Moore: And I don't care WHAT you read in one of your books.  Just because youve read some books does NOT give you the right to talk about OUR boys who are the best in the world and not support them and criticise them.  If you havent stood alongside them then what gives you the gall to criticise them right now when they truly need our support the most?!  You need to shut your mouth because you dont know anything.   Thats what my father always told me anyway and its true so listen to me when I tell you it.
Me: I'm not criticising them, I'm criticising the needless waste of their lives, and suggesting we need to support them by making sure they're never needlessly put into harm's way, and so on.  "Friendly fire" has always been a big problem.  There are numbers on record to talk about that.
Moore: Well everyone knows your an intellectual bully who wont listen and I dropped out of high school in grade 10 because my teacher was mean to me but your not qualified to comment about OUR BOYS in any war at all.  You just cant.  Your one of those bullying grade 10 teachers like the one who made me drop of out high school who should just shut up because they know nothing.  You should be ashamed but you cant fell shame becuase your you.
Me: Well, according to our government (which I don't trust much) and recognized by our military, which I am apparently not to criticise, I am officially and professionally qualified to stand up in front of a hundred or so teenagers each day all year and explain to them what happened during the world wars, and what the people who were there had to say about things, and to share their views.  Their views, overwhelmingly, were that battles like the Somme and Passchendaele were senseless, obscene losses of human life for no real reason, and that the actions of the governments during the first world war led directly to Hitler and the second world war, and that we need to be very careful we don't repeat those mistakes of the past.
Moore #2: You ARE a bully.  An intellectual bully.  That's what you are, clearly.   You really do need to shut your mouth because you quite obviously don't know anything, as everyone well knows.   That's what my father always told me and I place a great deal of stock in what my father says, as you should yours.  End of conversation.  That's it for me, as you are clearly incorrigible without professional help.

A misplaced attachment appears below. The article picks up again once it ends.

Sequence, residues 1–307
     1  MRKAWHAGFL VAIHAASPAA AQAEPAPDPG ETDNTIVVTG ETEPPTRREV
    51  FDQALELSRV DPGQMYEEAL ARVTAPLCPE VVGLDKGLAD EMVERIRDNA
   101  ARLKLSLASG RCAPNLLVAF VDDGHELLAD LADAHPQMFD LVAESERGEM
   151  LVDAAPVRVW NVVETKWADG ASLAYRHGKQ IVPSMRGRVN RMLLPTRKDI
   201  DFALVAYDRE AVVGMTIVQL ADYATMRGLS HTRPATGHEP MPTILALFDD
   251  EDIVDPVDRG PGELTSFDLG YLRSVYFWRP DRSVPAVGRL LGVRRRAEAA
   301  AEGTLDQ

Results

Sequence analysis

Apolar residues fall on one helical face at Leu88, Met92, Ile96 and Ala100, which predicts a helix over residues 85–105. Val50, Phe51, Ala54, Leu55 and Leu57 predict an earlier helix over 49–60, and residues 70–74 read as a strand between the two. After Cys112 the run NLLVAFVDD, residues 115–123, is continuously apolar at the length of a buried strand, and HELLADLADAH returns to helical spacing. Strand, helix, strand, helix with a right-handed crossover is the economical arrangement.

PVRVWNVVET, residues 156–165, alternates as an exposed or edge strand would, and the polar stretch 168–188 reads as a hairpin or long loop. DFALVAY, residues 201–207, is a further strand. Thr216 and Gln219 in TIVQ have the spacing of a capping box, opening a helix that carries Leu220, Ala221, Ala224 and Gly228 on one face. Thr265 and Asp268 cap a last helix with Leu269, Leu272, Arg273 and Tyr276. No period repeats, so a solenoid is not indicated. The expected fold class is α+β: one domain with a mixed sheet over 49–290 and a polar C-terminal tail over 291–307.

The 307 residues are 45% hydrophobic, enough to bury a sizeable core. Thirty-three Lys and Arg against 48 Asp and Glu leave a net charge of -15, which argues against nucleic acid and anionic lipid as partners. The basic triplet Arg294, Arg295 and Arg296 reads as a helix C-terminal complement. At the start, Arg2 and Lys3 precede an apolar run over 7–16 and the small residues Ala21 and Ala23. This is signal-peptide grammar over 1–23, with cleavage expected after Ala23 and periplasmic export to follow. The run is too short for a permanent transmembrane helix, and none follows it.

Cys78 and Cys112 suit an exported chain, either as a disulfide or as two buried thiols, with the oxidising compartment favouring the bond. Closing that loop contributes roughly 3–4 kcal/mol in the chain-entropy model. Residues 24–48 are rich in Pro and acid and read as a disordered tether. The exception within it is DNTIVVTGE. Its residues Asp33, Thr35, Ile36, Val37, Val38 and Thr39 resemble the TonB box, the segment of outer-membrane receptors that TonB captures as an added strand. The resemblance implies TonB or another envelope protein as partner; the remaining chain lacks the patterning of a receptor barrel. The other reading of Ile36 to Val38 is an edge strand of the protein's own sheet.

Moore #3: yes your a bully that's what you are and like all teachers you cant stand to here when your wrong which you are but you cant here it you need to shut your mouth because you dont know anything thats what my grandmother always told me anyway and its true so listen to me when I tell you it end of conversation thats it for me :(
Smith-Moore: Yes. Why can't you listen?  You're wrong and we're right. Get professional help before it's too late.
Moore: You  need profesional help.  Everyone knows.  You teachers are all bullies.  You have no right to talk about military stuff.   End of conversation.  Thats it for me.  You need to just shut up.   Thats what my uncle always told me anyway and its true so listen to me when I tell you it.  I cant take ennymoore of this so im leaving.  You should be ashamed to act this way.  Thats it for me im done
Me: I have sought professional help.  His assessment was that I had no serious problems apart from making myself and others miserable (in the manner of, apparently, all of my relatives), by obsessively and continually pointing out every person and every thing that I ever think is "wrong" in any way, and then having that done back to me, and not being able to handle emotionally anyone thinking I'm wrong about something or saying I don't get to talk, which seems to be a problem with all of us, even the rest of you who aren't teachers.
Moore #4: I saw a professional one time, too.  She told me a bunch of things, but she never asked me first what she should have asked me, which was "Do I care what she thinks?" which I didn't.  Professionals know nothing.  So that's that.
Moore: You need to shut up about us and about stuff you dont know about.  You should just shut up because you know nothing.  That's what my wife tells me and its true.  We all need to shut up if we dont know anything.
Moore #2: Yes.  You're wrong, so you need to shut up.  And seek professional help.

(and on and on, for a needless amount of time, like the precise opposite of C.S. Lewis' dufflepuds in The Voyage of the Dawn Treader